French President Nicolas Sarkozy said on Friday that France would pull its forces out of Afghanistan a year earlier than planned, a week after the killing of four French servicemen by a renegade Afghan soldier.
After meeting Afghan President Hamid Karzai in Paris, Sarkozy said France had decided to transfer security in Kapisa Province, where most of the 3,600-strong French contingent is based and the scene of the shooting, to Afghan forces from March of this year.
“The pursuit of the transition and this gradual transfer of combat responsibilities will allow us to plan for a return of all our combat forces by the end of [next year],” Sarkozy said, adding that 1,000 troops would return this year.
This decision was made “in agreement with President Karzai and in agreement with our allies, in an organized and reasonable way,” he said.
“A few hundred” French troops would stay on after next year to train Afghan troops, Sarkozy said.
However, an Afghan lawmaker sharply criticized the plans. Afghan Member of Parliament Tahira Mujadedi said yesterday that Kapisa Province would further descend into violence if Afghan forces take over security from NATO troops in March.
Mujadedi also said it would be “a big mistake” for Karzai to push Sarkozy’s proposal to speed up NATO’s timetable for handing all combat operations to Afghan forces to next year instead of 2014.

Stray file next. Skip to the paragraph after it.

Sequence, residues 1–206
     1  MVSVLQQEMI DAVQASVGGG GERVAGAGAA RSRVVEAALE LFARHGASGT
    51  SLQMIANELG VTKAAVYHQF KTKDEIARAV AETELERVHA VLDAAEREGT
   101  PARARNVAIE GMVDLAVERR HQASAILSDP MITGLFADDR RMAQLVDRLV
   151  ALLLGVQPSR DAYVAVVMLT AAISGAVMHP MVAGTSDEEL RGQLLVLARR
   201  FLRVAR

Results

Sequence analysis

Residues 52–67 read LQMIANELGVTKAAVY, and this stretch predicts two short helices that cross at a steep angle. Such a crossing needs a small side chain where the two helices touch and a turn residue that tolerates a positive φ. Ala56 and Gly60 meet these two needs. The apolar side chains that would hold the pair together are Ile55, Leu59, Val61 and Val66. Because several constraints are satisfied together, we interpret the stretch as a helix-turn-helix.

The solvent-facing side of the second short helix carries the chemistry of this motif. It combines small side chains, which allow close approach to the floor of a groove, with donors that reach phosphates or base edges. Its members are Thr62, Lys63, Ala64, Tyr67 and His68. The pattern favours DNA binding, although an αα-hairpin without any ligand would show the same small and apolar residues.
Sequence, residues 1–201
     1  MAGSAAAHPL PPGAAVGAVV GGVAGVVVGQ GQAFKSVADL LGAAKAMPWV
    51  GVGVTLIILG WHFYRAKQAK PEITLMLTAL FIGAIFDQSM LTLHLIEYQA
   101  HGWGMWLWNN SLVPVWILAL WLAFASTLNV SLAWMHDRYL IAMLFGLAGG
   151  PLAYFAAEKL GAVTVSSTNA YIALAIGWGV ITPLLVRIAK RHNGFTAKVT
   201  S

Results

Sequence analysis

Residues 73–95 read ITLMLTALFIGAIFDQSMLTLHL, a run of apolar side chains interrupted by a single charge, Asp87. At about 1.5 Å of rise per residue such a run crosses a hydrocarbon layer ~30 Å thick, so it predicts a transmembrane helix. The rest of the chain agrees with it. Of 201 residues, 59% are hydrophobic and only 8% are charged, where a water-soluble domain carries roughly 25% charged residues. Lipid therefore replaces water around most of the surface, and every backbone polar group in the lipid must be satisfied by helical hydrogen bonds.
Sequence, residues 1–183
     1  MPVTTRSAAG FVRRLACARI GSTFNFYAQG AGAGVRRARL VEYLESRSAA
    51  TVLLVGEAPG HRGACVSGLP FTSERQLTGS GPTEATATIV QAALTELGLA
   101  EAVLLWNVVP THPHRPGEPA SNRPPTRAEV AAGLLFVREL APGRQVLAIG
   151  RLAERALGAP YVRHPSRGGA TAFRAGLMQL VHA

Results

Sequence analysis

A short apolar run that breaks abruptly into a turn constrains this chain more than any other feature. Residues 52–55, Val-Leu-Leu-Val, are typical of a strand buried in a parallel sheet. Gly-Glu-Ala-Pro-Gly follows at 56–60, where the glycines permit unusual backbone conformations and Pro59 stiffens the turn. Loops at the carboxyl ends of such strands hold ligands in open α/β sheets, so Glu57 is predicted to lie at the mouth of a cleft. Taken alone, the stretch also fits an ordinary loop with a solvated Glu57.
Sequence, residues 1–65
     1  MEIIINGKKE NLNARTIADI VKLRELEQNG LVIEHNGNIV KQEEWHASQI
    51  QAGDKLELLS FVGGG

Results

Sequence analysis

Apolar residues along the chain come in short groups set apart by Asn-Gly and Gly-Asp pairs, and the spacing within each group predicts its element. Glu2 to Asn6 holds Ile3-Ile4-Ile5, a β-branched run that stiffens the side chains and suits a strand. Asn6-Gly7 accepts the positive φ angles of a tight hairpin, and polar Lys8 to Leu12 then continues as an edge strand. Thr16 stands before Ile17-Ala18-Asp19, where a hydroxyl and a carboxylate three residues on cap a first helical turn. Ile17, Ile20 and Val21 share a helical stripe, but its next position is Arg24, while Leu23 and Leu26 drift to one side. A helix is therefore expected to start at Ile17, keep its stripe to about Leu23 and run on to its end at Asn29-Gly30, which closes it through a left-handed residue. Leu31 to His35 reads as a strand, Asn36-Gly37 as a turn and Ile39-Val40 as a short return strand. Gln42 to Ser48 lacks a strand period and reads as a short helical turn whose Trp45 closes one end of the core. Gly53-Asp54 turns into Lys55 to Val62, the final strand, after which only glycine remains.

Meanwhile, French training operations in Afghanistan, suspended after the shooting, were due to resume yesterday, Sarkozy said.
The French president said he would speak to US President Barack Obama on Saturday.
US State Department spokeswoman Victoria Nuland said the French announcement was part of the “managed effort” to withdraw from Afghanistan.
“This was not precipitous ... this was worked through carefully with NATO, with the Afghans and in consultation with all of us,” she said.
“There were some concerns expressed in NATO countries ... as well as in Afghanistan that whatever was done needed to be done in a consultative fashion, needed to be done in a managed fashion,” Nuland said. “And what we see now is just that, a consulted and managed effort.”
A NATO spokeswoman said only: “We take note of the French statement.”
Karzai is on a five-day European trip to sign long-term strategic partnership agreements aimed at bolstering support for Afghanistan’s reconstruction and development.
He was to travel next to London to meet British Prime Minister David Cameron.
Most French — 84 percent of them — want their troops back home by the end of this year, -according to an opinion poll published this week.
Socialist French presidential candidate Francois Hollande, tipped to beat Sarkozy in elections in three months, pledged on Thursday to withdraw French troops from Afghanistan this year if he becomes president.
After the deaths of the four soldiers, Sarkozy sent French Defense Minister Gerard Longuet to Kabul to evaluate ways to improve the security of French troops training the Afghan army.
Sarkozy said after the attacks that he might accelerate France’s withdrawal from Afghanistan, prompting NATO’s chief to call on contributing nations to remain committed to the security transition.
NATO Secretary-General Anders Fogh Rasmussen said he understood French concerns, but noted that NATO nations had agreed on a 2014 date to withdraw combat forces and transfer security to Afghans.